In the United States, a certified public accountant (CPA) is an individual that is licensed to provide accounting services to the public. It is awarded by each of the 50 states for practice in that state.
A CPA must meet education, work, and examination requirements—including holding a bachelor’s degree in business administration, finance, or accounting, and completing 150 hours of education and pass a rigorous exam consisting of four, four-hour sections.
Other requirements for the CPA designation include having two or more years of public accounting experience and passing the Uniform CPA Exam administered by the American Institute of Certified Public Accountants (AICPA).
CPAs are known for their role in income tax preparation but can specialize in many other areas, such as auditing, bookkeeping, forensic accounting, managerial accounting, and information technology.
The AICPA requires that all CPA designation holders adhere to the Code of Professional Conduct, which lays out the ethical standards CPAs must adhere to.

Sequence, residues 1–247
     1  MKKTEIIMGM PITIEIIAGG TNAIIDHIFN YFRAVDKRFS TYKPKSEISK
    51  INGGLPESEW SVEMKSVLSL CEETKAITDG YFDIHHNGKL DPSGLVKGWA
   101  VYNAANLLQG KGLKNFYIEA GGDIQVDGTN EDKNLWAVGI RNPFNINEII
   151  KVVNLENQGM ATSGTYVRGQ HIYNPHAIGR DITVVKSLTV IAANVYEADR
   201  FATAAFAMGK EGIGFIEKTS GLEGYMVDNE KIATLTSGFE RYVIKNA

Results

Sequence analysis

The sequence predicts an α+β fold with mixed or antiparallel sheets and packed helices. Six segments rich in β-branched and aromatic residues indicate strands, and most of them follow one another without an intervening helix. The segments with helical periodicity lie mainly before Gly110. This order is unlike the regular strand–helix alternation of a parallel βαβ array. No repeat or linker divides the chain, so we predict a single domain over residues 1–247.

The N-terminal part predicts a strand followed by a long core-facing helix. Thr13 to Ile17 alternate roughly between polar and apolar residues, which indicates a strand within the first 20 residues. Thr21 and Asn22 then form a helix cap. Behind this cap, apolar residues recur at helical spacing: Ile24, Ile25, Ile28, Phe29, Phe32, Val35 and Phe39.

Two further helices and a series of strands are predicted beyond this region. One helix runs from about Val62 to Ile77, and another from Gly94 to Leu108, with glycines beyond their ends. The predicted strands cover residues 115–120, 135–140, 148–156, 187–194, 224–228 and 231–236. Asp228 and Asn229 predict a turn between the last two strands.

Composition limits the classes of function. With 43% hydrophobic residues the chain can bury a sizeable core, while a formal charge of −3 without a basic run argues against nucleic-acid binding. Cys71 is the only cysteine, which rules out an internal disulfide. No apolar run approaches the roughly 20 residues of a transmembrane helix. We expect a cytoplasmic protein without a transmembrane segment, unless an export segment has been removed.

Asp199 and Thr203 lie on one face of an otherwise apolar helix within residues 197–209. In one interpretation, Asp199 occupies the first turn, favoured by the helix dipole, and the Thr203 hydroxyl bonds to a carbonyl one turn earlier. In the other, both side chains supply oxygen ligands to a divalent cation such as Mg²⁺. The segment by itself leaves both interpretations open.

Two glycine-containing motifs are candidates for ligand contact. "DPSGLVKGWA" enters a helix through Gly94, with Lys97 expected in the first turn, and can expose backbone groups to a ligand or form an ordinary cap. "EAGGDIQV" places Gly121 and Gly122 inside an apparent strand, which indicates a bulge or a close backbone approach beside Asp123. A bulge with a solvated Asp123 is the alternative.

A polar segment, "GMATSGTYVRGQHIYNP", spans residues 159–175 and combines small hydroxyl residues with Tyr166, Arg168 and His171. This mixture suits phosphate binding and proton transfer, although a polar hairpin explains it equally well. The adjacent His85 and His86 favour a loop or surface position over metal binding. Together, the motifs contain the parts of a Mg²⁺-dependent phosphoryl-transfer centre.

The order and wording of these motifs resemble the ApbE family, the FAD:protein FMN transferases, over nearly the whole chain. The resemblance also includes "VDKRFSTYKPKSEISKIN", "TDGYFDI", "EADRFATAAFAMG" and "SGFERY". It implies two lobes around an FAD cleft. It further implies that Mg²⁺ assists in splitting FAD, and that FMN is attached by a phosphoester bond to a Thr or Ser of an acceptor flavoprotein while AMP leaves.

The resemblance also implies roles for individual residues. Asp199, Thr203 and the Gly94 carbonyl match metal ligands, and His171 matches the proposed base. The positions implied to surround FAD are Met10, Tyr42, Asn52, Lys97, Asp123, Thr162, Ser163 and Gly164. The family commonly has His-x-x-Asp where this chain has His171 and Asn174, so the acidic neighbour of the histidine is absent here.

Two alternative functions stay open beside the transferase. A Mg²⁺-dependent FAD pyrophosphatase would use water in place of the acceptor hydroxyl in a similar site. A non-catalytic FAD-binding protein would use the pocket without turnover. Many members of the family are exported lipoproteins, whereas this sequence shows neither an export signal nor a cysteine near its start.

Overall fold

What is An Enrolled Agent?
A federally-licensed tax practitioner
Having demonstrated technical expertise in the field of taxation
Empowered by the U.S. Department of the Treasury to represent taxpayers before all administrative levels of the Internal Revenue Service for audits, collections, and appeals under Circular 230 for EAs, CPAs, and Tax Attorneys.
How does one become an Enrolled Agent?
By passing a comprehensive two-day examination covering all aspects of the tax code, or
By having worked at the IRS for five years in a position which regularly interpreted and applied the tax code and its regulations
All candidates are subjected to a rigorous background check conducted by the IRS and are subject to continuing education requirements, all in tax.